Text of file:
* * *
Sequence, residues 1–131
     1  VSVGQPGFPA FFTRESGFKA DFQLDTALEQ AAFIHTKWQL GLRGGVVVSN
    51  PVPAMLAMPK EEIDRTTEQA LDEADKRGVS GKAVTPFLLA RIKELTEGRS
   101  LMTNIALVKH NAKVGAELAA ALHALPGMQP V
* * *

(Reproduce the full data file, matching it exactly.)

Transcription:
Sequence, residues 1–131
     1  VSVGQPGFPA FFTRESGFKA DFQLDTALEQ AAFIHTKWQL GLRGGVVVSN
    51  PVPAMLAMPK EEIDRTTEQA LDEADKRGVS GKAVTPFLLA RIKELTEGRS
   101  LMTNIALVKH NAKVGAELAA ALHALPGMQP V